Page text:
Socially responsible investing (SRI) seeks to get a big bang for your buck while bringing about social change. It is also called social investment, sustainable, socially conscious, ‘green’ or ethical investing. SRI funds do better than you think. Here’s why:
1. Many are Grade A+ performers
SRI funds have been around long enough to make hard performance judgements. Do they pay off? “Absolutely,” says William Hunter of Edinburgh-based Hunter Wealth Management.
He says that between the start of 2012 and end of 2016 Premier Ethical, which invests in UK companies, returned 102.91%. “That’s a doubling of your money. Another fund, Royal London Sustainable World,” he goes on, “returned 99.6% in that time period. You can’t be unhappy with that.”
In 2016 research multi-manager investment company Architas examined the performance of ethical funds over a 10-year period. More than 50% outperformed the FTSE All Share.
2. They’re more broadminded than you think
Investing in Dove shampoo and Lipton tea (Unilever) doesn’t shout ‘ethical’ to everyone. But the maker of Flora margarine and Knorr stock cubes pop up in a range of SRI funds.
Other well-known brands include Compass Group, Worldpay, Legal & General and the London Stock Exchange – not to mention a bunch of high-street retailers including Asos.
Some stick to investing in companies that have a more robust ethical record than competitors. “They may be green-neutral,” says William Hunter. “A lot are companies that aren't causing damage as opposed to companies that might clearly be damaging the environment.”
Meanwhile, some companies that have no obvious ‘green’ credentials may simply have a good environmental track record. They may just choose to be low key about it.
3. They’re future-proof
Or as near as you can reasonably expect. SRI funds aren’t all about solar panels and climate change. Some invest in emerging markets where governance isn’t always great. But broadly, SRI funds are forward-looking.
Their fund managers are often examining global trends. They’re figuring out the best companies that will benefit from long-term shifts in consumption, demand and demographics. This is especially in areas such as water treatment, communications, agriculture and waste management (‘money in muck’).
A relative newness of some of these areas means there’s opportunity for value creation, possibly boosting returns further. So value and growth potential.
4. There’s a high price for sin
Back in 2010 the Deepwater Horizon oil rig disaster in the Gulf of Mexico saw the worst oil spill in US history. BP saw 50% of the value of its shares wiped out between April and June 2010. The tragedy, which killed 11, decimated many people’s savings.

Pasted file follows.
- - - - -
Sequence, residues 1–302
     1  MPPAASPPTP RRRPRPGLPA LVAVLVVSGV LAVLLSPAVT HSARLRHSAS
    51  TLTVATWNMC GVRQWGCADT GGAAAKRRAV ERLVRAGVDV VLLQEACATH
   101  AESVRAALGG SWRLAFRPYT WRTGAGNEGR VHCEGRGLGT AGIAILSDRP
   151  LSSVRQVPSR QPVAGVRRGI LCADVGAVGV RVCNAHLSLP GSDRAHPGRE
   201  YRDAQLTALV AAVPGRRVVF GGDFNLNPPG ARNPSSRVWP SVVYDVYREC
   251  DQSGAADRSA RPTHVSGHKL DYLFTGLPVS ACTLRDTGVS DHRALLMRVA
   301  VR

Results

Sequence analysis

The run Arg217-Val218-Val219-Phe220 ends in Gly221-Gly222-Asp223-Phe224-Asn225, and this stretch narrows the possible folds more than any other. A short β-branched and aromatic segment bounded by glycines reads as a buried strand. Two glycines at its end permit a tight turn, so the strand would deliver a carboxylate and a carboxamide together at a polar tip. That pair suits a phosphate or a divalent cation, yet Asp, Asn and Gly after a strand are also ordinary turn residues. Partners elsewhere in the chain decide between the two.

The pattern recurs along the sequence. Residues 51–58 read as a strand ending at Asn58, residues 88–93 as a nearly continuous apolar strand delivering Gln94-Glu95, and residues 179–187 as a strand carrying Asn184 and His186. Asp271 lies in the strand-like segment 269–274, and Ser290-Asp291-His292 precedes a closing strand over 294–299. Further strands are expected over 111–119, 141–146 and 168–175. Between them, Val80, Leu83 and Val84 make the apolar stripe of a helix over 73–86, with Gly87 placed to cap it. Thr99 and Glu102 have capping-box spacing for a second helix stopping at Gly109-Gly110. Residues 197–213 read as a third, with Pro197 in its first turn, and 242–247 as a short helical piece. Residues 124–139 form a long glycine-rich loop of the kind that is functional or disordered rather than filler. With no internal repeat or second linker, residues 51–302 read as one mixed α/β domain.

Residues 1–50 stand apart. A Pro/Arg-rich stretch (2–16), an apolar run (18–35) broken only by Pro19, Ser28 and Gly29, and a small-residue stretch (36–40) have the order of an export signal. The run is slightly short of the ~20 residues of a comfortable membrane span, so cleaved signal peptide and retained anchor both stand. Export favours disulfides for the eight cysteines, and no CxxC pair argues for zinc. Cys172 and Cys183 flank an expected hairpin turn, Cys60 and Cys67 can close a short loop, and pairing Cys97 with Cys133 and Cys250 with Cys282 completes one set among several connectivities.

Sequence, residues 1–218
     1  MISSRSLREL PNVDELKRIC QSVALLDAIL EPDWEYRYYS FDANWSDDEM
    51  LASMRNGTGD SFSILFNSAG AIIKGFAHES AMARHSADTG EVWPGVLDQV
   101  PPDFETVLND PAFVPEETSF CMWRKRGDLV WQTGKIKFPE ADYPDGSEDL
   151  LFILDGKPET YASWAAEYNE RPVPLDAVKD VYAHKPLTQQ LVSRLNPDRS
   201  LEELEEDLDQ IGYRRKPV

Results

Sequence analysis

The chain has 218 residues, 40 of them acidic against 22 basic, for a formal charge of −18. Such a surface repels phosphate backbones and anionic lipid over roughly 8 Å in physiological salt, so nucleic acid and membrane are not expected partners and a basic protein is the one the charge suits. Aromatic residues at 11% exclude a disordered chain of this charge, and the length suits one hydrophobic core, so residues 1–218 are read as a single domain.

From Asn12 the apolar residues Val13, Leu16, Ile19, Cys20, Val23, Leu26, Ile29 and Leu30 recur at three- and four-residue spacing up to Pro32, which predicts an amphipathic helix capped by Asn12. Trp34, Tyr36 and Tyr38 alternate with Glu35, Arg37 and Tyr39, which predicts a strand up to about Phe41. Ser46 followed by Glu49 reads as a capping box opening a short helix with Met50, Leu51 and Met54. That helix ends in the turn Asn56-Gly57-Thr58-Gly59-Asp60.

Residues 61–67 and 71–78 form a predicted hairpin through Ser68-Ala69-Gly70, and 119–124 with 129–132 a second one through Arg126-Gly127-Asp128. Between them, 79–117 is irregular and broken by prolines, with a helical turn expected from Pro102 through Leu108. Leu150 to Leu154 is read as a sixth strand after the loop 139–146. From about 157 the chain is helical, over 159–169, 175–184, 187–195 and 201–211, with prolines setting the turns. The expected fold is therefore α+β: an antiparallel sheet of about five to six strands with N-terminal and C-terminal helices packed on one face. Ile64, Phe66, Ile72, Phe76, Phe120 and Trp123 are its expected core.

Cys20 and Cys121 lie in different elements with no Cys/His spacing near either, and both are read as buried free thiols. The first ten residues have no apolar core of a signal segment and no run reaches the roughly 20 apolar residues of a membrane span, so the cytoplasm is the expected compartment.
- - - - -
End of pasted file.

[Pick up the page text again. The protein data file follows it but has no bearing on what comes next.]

BP’s dividend was slashed (later restated), shocking private and institutional investors; no major UK occupational pension dared go without the dividend oil titan. Many have now ejected out of fossil fuels.
Even the US Rockefeller Foundation (the Rockefeller fortune was built on Standard Oil) has dumped the asset class.
At the time of writing, late March 2017, BP’s share price had lifted to 456p but remains, almost seven long years later, 25% down on its 641p April 2010 value. Most SRI funds do not invest in oil or extraction or other high-risk areas.
5. They can do the distance
If you’re investing for your dotage, you’re going to be investing long-term. You want to get it right (and prove it’s fine to be in stocks and have a clear conscience).
However, Jason Hollands, managing director at Bestinvest asset management, warns of periodic setbacks – like any other fund or asset class.
“Very few fund managers have a style or approach that works well in all conditions. But there’s no reason why, over a fuller cycle, they [ethical funds] will offer perfectly good returns.”
But stay clear of single strategy SRI funds, adds William Hunter. He says they may invest only in one area or direction. “Look at multi-asset funds that are spread over shares, bonds, cash and gilts. Not every sector does well at the same time. Index trackers are also fine.”
So diversify. You don’t have to be 100% invested in SRI funds; many investors have a mix.
6. You’re backing the good guys
Back in the 18th century, Quakers had strict rules about investing in the slave trade.
Roll forward to 1962 and Martin Luther King started pioneering work with Operation Breadbasket, an organisation that put pressure on white businesses to take on more black contractors. Corporation boycotts were organised.
Then, in the 1980s, London’s South Africa House became the target for the anti-apartheid movement taking in highly visible protests against Barclays, Shell and BP; Barclays’ share of the UK student bank account market was hammered.
''World opinion counts,’’ said Sir Timothy Bevan, chairman of Barclays in November 1986, announcing the sell-off of its South African unit. ‘’And world opinion has changed quite a lot.” Investing for good continues to evolve.
7. But – achtung! – be careful
There’s no agreed definition of an SRI fund or how they’re measured (some ‘ethical’ funds even hold oil companies in their portfolio).
Up to 2015 many SRI funds had Volkswagen in their holdings. The German car giant, then an FTSE4Good member, scored highly on several benchmarks. Specifically ESG – environmental, social and governance. Or, rather, just the first two.
VW’s loose grip on governance allowed it to cheat consumers through engine management software that suggested their cars were cleaner than they really were. Post-crisis, the value of VW shares crashed.
In other words, pay attention not just to environmental and social factors. A company’s corporate governance is the biggest red flag of all.